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View: Grid List
Weald and Downland Living Museum
Singleton, West Sussex
BREEAM: Excellent
Buro Happold, The Green Oak Carpentry Company, E A Chiverton, Boxall Sayer
European Wooden Facade Award (2004) Civic Trust Award (2003) AIA UK Excellence in Design Award (2003) Wood Awards - Gold Medal (2003) Wood Awards - Structural Award (2003) Sussex Heritage Award (2003) Stirling Prize Finalist (2002) RIBA Award (2002) BCI Award (2002)
Timber Gridshells (2016) Architects’ Journal (2014) Detail (2013) Architectural Design (2003) The Sunday Times (2002) New Civil Engineer (2002) Architects’ Journal (2002) New York Times (2002) The Daily Telegraph (2002) The Guardian (2002) RIBA Journal (2002) Building (2002)

The inventive design and construction of the Downland Gridshell – a complex weave of curving oak laths – suits the legacy of traditional rural life well.

Downland Gridshell

The design, engineering and carpentry of the Downland Gridshell is groundbreaking. Yet its gently curving form and natural materials sit beautifully in the surrounding South Downs landscape of the Weald and Downland Living Museum in Sussex where the buildings and artefacts of traditional rural life are brought to life.

The Downland Gridshell is both a workshop for conservation, restoration and training, and also an archive store for tools and artefacts spanning six centuries. In the large open space of the upper level, the Museum’s carpenters can work on historic timber frames. It is also an ideal space for educational activities and events.

The Gridshell space has been used for a variety of events, including musical picnics, festivals and the occassional wedding. Photo courtesy of VLA Photography.

Below, sunken into the ground, an environmentally controlled store ensures long-term care of the collections, and 200 English vernacular wooden chairs are on display.


The Downland Gridshell sits in an elevated position in an area of outstanding natural beauty on the South Downs.

Timber was a natural choice for a structure to support the preservation of historic timber-framed buildings. While drawing on modern design and technology, the Downland Gridshell also celebrates traditional carpentry and building techniques.

Rescued and rebuilt traditional rural buildings set in a beautiful landscape at the Weald and Downland Open Air Museum

Visitors approach the Downland Gridshell along a steep footpath shaded by mature beech and ash trees. Timber steps lead up to the entrance through one of the fully glazed ends, with a dramatic canopy that extends overhead from the timber side cladding beneath the roof.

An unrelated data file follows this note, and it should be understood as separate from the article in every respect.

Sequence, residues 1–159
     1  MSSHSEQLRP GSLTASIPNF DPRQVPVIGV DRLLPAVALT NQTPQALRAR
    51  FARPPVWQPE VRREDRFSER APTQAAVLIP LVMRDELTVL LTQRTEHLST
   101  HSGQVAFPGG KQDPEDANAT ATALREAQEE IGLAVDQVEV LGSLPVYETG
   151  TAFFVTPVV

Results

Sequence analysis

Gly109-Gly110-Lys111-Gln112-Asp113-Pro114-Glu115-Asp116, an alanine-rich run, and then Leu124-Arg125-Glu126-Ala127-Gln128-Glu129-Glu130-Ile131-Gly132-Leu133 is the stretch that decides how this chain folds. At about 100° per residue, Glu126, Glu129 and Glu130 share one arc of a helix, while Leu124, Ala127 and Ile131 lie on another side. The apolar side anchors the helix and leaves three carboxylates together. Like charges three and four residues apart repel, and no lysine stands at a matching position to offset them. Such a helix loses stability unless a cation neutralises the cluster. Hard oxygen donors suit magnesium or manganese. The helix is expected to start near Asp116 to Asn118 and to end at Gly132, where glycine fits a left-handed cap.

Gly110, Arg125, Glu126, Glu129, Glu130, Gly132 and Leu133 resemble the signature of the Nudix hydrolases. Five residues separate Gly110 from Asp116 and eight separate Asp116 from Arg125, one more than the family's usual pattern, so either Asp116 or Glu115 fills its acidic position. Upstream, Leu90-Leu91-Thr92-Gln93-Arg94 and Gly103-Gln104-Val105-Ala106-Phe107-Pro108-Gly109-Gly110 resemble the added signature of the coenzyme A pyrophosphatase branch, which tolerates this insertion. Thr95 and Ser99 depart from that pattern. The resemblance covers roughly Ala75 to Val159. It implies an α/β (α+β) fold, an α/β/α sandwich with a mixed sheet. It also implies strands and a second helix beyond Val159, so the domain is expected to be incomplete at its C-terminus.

With the natural weathering of its cedar cladding, the building has matured well into the landscape.


This was a complex project and would not have been possible without an inspired client and close consultation with Buro Happold, Boxall Sayer and the Green Oak Carpentry Company.

Exchange of ideas and expertise early in the process helped to provide clarity of vision, develop the design and devise ways in which this unique structure could be created. Right from the start, the carpenters sat around the table with the architects and engineers to design the details of the building.

Testing the gridshell

The Gridshell construction team


The Downland Gridshell was the first of its kind to be built in Britain. Its structure was a technical challenge for the architects, engineers and carpenters and new techniques had to be researched and developed.

The workshop space was built of green oak strips joined together to form long laths. A diagonal grid of these laths was initially formed flat on top of a supporting scaffold. Using gravity, the edges of the grid were then lowered gradually – a few centimetres each day – into a three-dimensional shape resembling a three-nut peanut shell. This was secured to the edges of the timber platform above the lower level. Cladding, roofing and installation of the ventilation system were then added.

Grid laid flat on scaffolding

Scaffold is lowered and the Gridshell starts to take shape

The roof is added

The gridshell structure is clad in Western Red Cedar

The Downland Gridshell is clad with hardwood planks and glazing. Natural light enters through two continuous strips of polycarbonate clerestory windows two thirds of the way up the building.

A high degree of carpentry skill went into the Downland Gridshell’s construction, emulating but not imitating the Museum’s traditional timber-framed buildings. The green jointing of the laths from freshly sawn oak is unique: the timber was more supple and therefore more easily formed. The laths are connected at the nodes of the grid with a specially designed and patented system of steel plates and bolts.

The patent for the node is jointly held in the names of the architects, structural engineers, carpenters and client

Environmental control was necessary to respond to the physical working demands of the museum, especially the storage of fragile artefacts.

The lower level archive is sunk into the sloping chalk landscape to protect its valuable contents from natural, but potentially damaging, changes in the weather and sunlight. Maintaining fairly constant temperatures and humidity levels is achieved using very small amounts of energy.


Environmental sustainability was critical in the design of the Downland Gridshell. Its embodied carbon is only 3 per cent of that of an equivalent steel or concrete structure.

Materials and skills were sourced as locally as possible. Although the timber slats had to be brought from Normandy, most of the other timber used, including the Western Red Cedar cladding, came from within 25 miles of the site.

The building runs on minimum supplies of energy. To reduce loads on water and power supplies, the building and site systems took advantage of natural features such as earth mass heating, with heat sourced from digging into the ground, and rainwater collection.